The Lost Art of Secrecy


When was the last time you walked into a movie theater completely unaware of the film you were about to see? For me, it was the summer of 2010. The movie: Inception. The earliest trailers for the film displayed a number of staggering visuals. A rotating hallway, a city folding on itself, and a train charging through the rain. This merely whet the appetites of countless filmgoers like myself. Soon, we were standing in line for the film’s release, not knowing a single detail of the plot. Even on the day of, all we had to go on were the film’s cryptic tagline (“Your mind is the scene of the crime”) and a tiny bit of description from director Christopher Nolan himself (“a heist movie set within the architecture of the mind”). Some could argue we already had more than enough to go on. But compared to today’s films, where entire movies are given away in a two-minute trailer, Nolan’s film barely left a trail of breadcrumbs. It was a refreshing change of pace that allowed audiences to experience the film in its rightful place – the movie theater, of course. 

This level of secrecy in film seems to be of little value in our spoiler-centric culture. In a day and age where transparency is high in demand, Nolan is a rare auteur who believes in upholding the movie-going experience where viewers know nothing going in and become enriched by the story as it unfolds naturally. Such represents the way movies were typically viewed well over a decade ago, in a galaxy that seems so far away.

With Nolan’s latest film Interstellar hitting theaters this weekend, he is yet again under the eye of public scrutiny. Reporters and filmgoers alike are out to gather as much as they can about the film, and to no avail. Because despite Nolan’s exposure to the press, he still remains tight-lipped about the film’s details and assures viewers that they’re better off. To put it simply, the less they know, the more surprised they’ll be by the final product – an idea that seems baffling to the average studio.

Director Christopher Nolan has always been enamored with mystery. In fact, it has been his mantra ever since he began his career in Hollywood. His first big-budget film, Batman Begins, was shrouded in secrecy. Though released in the summer of 2005, no one knew that the project had been in development since 2003. A wide array of casting news eventually brought the film into the media spotlight. Once that flame quelled, the production itself remained in the shadows. No one knew who the villain was going to be, let alone the plot. It’s worth noting that this was well before the onslaught of our SPOILER! obsessed generation. If only we could turn back time…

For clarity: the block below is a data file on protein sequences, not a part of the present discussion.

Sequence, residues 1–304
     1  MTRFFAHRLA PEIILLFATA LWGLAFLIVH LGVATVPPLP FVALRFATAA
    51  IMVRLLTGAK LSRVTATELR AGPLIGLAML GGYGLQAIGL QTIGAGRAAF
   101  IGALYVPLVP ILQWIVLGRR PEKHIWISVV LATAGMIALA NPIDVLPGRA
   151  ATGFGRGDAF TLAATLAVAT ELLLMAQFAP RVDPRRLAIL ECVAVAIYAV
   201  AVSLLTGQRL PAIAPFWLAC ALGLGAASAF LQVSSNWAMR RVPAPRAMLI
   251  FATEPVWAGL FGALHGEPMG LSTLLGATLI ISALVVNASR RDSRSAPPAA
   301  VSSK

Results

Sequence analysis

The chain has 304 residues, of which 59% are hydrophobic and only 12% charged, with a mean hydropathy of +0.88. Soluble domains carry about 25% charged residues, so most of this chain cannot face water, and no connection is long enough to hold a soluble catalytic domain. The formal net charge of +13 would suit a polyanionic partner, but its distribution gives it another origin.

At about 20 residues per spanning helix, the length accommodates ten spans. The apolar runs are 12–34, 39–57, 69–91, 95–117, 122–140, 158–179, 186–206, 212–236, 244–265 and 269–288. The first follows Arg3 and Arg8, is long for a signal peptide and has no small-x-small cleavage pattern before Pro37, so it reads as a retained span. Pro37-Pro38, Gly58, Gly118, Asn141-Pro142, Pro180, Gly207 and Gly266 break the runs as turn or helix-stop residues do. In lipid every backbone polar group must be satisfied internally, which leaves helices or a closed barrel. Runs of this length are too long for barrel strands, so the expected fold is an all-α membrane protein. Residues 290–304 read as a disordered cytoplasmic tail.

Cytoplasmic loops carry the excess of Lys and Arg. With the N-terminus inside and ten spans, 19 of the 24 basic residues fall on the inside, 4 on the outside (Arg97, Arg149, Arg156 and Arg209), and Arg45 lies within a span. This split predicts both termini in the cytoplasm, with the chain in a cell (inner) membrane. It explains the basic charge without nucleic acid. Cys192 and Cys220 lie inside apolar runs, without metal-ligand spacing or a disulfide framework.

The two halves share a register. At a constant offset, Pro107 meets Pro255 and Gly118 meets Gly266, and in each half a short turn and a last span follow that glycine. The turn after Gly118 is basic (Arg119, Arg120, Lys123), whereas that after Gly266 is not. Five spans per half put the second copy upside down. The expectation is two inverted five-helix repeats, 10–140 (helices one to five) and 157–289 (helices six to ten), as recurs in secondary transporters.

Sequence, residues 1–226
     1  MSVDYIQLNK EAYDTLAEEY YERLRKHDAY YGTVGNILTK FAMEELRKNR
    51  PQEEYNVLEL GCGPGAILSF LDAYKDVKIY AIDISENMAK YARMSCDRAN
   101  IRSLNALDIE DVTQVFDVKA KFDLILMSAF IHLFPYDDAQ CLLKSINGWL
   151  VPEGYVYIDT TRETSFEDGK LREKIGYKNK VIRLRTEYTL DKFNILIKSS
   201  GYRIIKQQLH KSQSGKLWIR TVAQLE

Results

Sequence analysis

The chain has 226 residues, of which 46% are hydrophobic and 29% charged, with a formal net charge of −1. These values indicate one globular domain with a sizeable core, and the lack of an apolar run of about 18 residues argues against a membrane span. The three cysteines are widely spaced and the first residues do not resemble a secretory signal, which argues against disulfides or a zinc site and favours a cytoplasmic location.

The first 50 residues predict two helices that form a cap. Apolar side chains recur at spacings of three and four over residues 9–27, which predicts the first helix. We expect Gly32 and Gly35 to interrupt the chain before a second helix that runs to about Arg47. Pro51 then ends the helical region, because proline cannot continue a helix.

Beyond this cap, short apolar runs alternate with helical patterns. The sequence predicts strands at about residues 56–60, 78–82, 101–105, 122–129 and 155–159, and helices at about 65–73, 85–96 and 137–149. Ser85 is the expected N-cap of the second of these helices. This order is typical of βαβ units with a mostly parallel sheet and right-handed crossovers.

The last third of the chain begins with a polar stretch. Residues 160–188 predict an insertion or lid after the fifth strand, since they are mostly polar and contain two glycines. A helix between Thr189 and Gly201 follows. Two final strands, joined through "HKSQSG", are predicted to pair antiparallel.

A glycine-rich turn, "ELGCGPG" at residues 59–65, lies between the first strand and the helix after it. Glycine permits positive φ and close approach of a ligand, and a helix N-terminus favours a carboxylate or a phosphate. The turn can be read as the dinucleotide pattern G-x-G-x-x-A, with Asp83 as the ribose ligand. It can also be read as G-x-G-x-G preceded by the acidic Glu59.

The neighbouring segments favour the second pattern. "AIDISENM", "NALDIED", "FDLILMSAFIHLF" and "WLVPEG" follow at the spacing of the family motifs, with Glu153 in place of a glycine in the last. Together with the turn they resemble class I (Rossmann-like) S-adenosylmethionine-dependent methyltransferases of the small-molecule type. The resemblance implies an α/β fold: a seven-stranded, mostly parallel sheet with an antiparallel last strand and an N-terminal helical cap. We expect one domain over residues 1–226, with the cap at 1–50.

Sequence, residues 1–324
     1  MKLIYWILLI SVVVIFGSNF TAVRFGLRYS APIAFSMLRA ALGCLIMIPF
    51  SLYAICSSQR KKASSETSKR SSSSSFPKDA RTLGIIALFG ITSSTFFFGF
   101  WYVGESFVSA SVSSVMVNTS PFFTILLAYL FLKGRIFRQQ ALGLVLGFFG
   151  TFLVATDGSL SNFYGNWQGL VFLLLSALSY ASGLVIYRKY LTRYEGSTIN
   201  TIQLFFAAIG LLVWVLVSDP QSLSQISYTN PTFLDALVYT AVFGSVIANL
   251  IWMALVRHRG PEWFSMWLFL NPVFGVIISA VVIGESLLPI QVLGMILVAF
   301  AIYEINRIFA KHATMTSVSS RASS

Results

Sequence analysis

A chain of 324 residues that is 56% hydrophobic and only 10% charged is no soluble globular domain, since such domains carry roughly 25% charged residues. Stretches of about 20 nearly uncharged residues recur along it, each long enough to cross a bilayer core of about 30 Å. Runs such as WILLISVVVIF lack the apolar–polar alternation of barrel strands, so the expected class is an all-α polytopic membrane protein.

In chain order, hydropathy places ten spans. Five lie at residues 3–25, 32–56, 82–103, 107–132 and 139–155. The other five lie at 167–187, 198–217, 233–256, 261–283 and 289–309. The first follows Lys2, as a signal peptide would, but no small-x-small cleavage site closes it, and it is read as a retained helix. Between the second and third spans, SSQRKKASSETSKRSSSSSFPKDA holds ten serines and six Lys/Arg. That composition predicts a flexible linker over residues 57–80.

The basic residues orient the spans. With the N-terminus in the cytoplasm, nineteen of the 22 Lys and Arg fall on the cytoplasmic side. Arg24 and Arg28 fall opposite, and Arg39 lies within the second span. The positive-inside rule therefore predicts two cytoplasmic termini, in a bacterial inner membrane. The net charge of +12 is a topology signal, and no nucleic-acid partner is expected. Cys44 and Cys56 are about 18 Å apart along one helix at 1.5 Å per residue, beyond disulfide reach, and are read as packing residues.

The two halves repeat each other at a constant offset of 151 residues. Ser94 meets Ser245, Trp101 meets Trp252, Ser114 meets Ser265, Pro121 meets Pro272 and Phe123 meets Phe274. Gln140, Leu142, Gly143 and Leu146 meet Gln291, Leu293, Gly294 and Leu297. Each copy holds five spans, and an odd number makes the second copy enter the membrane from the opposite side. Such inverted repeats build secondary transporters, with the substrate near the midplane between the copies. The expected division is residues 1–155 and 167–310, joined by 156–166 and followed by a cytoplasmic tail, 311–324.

The Dark Knight, even the above-mentioned Inception, benefitted greatly from Nolan’s penchant for secrecy. Both films made for incredible viewings on their own, not only in terms of quality, but also for not having been spoiled for us beforehand, which is something of a tall order nowadays when plot details are given away like candy.

Nolan does his best to keep his films under wraps, though he doesn’t always succeed. While shooting on location for The Dark Knight Rises, Nolan’s production crew wasn’t able to ward off all the snooping photographers in the area. One lucky individual in particular caught a glimpse of the film’s major plot point: an image of Marion Cotillard entering the Tumbler. Movie sites were in a complete frenzy as they went on speculating the actress’ role in the plot, claiming that she was in fact Talia Al Ghul. Nolan did what he could to contain the chatter. He even declined to tell Liam Neeson the real reason behind his cameo appearance in the film so the actor would have plausible deniability. Such represents the lengths that the director had to go through to misdirect fans and maintain the natural unfolding of the material. Because this nature of wanting to know every detail of a film has littered our collective minds not only as filmgoers, but as a society.

This type of secrecy is somewhat of a lost art form. Years ago, filmmakers enjoyed the luxury of working in privacy. Now, privacy has become a yet another burden in the filmmaking process. Interstellar star Matthew McConaughey experienced it for himself as he was hand-delivered the script for the film and was asked to return it once he was finished reading it. He could not keep it. Nor could he openly discuss the details with anyone as he was contractually obligated to remain silent. He had to keep his mouth closed and surrender the script, the same script for a film that he was starring in. Sound too extreme for any director to do?

Then again, we only have ourselves to blame. We have become programmed in such a way that we seek out these spoilers for ourselves, as if the bold red SPOILER sign is a green light for us as readers. Yes, it’s true that movie studios have to show parts of their film and give some details away to get audiences interested. But it’s one thing to be spoon-fed all this information, and another thing entirely to grab the spoon for yourself (snooping paparazzis, anonymous sources, and mysterious leaks are prime examples). Not only should we exercise restraint, we should demand it of ourselves more often.

Christopher Nolan is in many ways the last filmmaker of his generation. He still shoots on film, in a time where everyone has gone digital. He films everything practically, limiting the use of CGI. Above all, he’s a firm believer in cinema. He believes in preserving an authentic viewing experience. That is perhaps what sets him apart from all the rest; he is actively fighting to ensure that we’re entertained the whole way through. But we need to do our part as well. Perhaps it’s time for us to take the lead.



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